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Attorney argues former UND chairman, charged in child porn case, already punished before sentencing

After an arrest, charges and guilty pleas, a federal judge will hand down a sentence to Robert Beattie Tuesday. But his attorney, in arguing for a minimal sentence, argues in court papers that Beattie already has received a harsh penalty, includi...

After an arrest, charges and guilty pleas, a federal judge will hand down a sentence to Robert Beattie Tuesday.

But his attorney, in arguing for a minimal sentence, argues in court papers that Beattie already has received a harsh penalty, including the loss of his job, family and medical licenses.

Last August, the former University of North Dakota chairman of the Family and Community Medicine Department was charged in federal court with one count of receipt and distribution of materials containing child pornography and two counts of possession of materials containing child pornography.

Instead of going to trial, Beattie agreed in February to a plea deal and pleaded guilty the next month to the first charge and one of the possession of materials charges.

He appears this morning before Judge Ralph Erickson in Fargo federal court to receive his sentence.

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Before a sentencing, there’s a process in the courts to decide how long Beattie might have to spend before bars. A judge looks at a guideline range based on the person’s crime. There’s also a pre-sentence investigation report that looks at a person’s criminal history, the likelihood of re-committing a crime and the nature of the offense among other criteria.

Given Beattie’s circumstances, the prosecution is recommending Beattie serve 210 to 262 months, roughly 17½ to 22 years. But last week, Beattie’s attorney, former Grand Forks County state’s attorney Peter Welte, filed a memorandum arguing Beattie should be sentenced at the low end of the guideline range and that he should be able to serve his sentences concurrently.

“Beattie does not object to the charge and the conviction,” Welte said in the memorandum. “Beattie does, however, assert to this court that the offense in this matter is out of character for him, and does not define who Mr. Beattie truly is.”

When Beattie was arrested last August, investigators found more than 800 sexually explicit pictures and videos of children ranging in age from 1 to 14. That discovery led to a series of repercussions, including losing his job at UND and his medical licenses in three states.

In last week’s memorandum, Welte said Beattie paid for his crimes and wrote:

“The real question is: what is a just punishment for this offense? In law school, students are taught that criminal justice requires two components to a sentence; punishment and rehabilitation.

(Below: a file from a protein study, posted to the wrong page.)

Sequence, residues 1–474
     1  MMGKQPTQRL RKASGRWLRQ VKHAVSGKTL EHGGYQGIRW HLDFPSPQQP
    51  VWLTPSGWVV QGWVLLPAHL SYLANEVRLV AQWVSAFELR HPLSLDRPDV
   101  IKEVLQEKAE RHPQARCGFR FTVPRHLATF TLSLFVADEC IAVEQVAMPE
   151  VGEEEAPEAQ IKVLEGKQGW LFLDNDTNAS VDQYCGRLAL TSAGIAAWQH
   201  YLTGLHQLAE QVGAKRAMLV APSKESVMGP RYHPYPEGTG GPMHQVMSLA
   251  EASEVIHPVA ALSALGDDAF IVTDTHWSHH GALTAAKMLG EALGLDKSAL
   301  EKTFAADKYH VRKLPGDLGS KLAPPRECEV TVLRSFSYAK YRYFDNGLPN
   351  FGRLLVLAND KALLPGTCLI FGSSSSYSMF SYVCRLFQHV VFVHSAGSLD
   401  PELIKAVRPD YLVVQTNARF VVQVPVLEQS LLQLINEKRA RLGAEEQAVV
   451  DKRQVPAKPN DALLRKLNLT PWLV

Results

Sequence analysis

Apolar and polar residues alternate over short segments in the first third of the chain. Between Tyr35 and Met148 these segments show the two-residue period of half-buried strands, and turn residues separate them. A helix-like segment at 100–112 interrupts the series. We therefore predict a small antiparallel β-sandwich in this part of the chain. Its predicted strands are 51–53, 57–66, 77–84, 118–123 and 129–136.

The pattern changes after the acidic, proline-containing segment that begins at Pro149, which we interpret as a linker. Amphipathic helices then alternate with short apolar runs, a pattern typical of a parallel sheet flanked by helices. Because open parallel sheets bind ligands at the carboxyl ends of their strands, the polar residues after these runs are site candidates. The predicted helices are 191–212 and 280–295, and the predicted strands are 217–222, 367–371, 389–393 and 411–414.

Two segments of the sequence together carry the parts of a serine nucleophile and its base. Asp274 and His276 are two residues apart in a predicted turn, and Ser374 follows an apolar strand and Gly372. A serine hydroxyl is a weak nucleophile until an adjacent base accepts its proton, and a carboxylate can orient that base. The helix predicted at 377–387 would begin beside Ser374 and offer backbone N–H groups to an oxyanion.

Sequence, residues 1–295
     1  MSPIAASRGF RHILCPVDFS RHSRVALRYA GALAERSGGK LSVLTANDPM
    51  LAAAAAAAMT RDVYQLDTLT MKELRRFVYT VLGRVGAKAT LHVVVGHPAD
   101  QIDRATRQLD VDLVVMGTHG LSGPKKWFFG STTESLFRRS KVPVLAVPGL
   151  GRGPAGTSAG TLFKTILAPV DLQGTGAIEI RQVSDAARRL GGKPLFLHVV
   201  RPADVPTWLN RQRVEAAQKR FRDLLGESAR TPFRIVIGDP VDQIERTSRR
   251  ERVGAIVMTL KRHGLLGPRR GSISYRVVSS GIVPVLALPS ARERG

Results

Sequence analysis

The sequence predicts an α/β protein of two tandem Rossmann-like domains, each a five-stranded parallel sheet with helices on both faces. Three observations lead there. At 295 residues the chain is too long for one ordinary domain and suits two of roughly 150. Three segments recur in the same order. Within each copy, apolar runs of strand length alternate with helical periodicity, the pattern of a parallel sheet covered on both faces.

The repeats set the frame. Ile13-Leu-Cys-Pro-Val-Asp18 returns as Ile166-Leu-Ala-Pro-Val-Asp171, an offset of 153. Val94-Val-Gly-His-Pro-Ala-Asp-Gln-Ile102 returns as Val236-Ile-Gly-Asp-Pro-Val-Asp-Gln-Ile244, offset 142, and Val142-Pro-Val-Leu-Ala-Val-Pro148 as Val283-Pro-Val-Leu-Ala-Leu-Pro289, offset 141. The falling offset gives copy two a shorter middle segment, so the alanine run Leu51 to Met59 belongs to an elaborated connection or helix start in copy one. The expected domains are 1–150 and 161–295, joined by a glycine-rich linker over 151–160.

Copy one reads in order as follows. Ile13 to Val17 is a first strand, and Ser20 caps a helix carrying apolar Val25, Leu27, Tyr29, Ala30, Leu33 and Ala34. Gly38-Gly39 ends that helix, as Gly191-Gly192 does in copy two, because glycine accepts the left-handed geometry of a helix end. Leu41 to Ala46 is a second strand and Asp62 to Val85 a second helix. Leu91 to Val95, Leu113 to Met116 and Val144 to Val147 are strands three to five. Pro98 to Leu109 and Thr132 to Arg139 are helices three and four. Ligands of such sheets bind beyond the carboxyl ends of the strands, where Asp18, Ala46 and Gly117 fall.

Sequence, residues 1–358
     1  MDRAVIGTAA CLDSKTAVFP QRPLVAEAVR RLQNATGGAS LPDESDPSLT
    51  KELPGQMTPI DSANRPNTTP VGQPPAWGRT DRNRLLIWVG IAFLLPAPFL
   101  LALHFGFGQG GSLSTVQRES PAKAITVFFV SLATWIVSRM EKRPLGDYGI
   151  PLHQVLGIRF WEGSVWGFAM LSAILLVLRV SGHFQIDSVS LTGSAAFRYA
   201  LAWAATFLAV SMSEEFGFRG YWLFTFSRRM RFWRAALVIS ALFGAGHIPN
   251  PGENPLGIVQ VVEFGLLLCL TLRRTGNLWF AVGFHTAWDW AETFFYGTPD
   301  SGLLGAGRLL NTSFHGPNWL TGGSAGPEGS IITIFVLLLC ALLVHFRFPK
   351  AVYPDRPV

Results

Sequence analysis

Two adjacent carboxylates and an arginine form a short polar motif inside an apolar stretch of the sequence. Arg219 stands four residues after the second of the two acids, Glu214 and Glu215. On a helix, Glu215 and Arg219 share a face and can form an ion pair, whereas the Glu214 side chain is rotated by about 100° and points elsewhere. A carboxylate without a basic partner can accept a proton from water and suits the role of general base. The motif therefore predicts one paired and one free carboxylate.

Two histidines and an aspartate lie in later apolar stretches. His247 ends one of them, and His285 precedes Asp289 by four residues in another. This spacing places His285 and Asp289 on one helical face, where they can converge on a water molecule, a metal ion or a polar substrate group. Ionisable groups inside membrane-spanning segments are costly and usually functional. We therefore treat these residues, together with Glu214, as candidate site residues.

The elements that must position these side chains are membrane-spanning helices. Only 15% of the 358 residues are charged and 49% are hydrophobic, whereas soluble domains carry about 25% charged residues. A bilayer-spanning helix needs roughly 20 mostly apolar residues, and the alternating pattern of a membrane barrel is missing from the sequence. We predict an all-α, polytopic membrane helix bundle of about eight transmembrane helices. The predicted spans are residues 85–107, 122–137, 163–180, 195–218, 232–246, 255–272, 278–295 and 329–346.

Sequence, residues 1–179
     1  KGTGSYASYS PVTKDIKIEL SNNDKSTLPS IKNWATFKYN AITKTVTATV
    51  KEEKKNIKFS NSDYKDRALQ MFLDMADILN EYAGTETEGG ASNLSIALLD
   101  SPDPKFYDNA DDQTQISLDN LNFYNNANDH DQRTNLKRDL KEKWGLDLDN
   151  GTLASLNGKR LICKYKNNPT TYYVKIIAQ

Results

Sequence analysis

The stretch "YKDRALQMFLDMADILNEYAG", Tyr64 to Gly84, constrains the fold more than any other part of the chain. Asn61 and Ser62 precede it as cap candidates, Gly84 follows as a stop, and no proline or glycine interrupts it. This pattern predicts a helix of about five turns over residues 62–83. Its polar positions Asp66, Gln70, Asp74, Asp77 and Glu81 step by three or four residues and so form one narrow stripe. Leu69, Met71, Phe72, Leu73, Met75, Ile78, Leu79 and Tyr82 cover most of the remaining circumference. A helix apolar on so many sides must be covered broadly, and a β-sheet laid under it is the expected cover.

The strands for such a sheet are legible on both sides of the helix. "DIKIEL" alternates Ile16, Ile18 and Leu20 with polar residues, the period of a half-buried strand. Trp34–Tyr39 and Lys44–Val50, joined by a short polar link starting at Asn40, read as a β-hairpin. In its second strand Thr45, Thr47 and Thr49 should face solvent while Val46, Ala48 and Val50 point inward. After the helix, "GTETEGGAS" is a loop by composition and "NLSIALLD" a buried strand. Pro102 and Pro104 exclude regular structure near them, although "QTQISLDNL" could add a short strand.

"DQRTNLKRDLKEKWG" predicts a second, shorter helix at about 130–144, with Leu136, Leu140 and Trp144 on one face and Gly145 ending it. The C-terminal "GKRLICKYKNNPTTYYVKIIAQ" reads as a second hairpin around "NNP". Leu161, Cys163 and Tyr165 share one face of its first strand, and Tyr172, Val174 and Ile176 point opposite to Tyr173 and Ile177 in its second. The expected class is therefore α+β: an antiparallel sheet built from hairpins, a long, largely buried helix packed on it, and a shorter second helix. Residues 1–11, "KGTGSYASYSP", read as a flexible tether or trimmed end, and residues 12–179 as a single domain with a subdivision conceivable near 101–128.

“Mr. Beattie’s actions have cost him his position as chair of the UND Medical School’s Department of Family and Community Medicine, a position that carried with it a $339,000 annual salary.

“His actions have cost him his license to practice medicine in North Dakota, Minnesota and South Dakota.

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“Mr. Beattie’s actions have cost him his marriage of 36 years to his high school sweetheart. Mr. Beattie’s actions have caused immeasurable pain to his seven children. … His actions have cost him contact with his 10 -- so far -- grandchildren, and his reputation within the medical community.

“These costs cannot be measured in terms of years in a correctional facility; they are lifetime sentences to components of a sentence that is not meted out by this court. Mr. Beattie has been punished, and any sentence this court renders will enhance the terms of an already substantial punishment.

“But Mr. Beattie is not broken. He still has the love and respect of his friends and family, as evidenced by the character letters on file with the court. And he still has both his faith and a tremendous will to live. A sentence below the guidelines would give this 56-year-old man an opportunity to redeem himself while he still has time here on earth.”

While the defense is arguing for a lesser sentence, Beattie is not diminishing the seriousness of his charges, Welte said.

“To reiterate, Mr. Beattie is not making excuses for his conduct. He is responsible for his actions,” Welte said. “But he is also profoundly remorseful, has been cooperative and compliant in this entire investigation, and he is also a man who has -- save for the time period during which these crimes were committed -- led an exemplary and extraordinary life. He has much to offer this world, and he wishes to do so after he serves his debt to society.”

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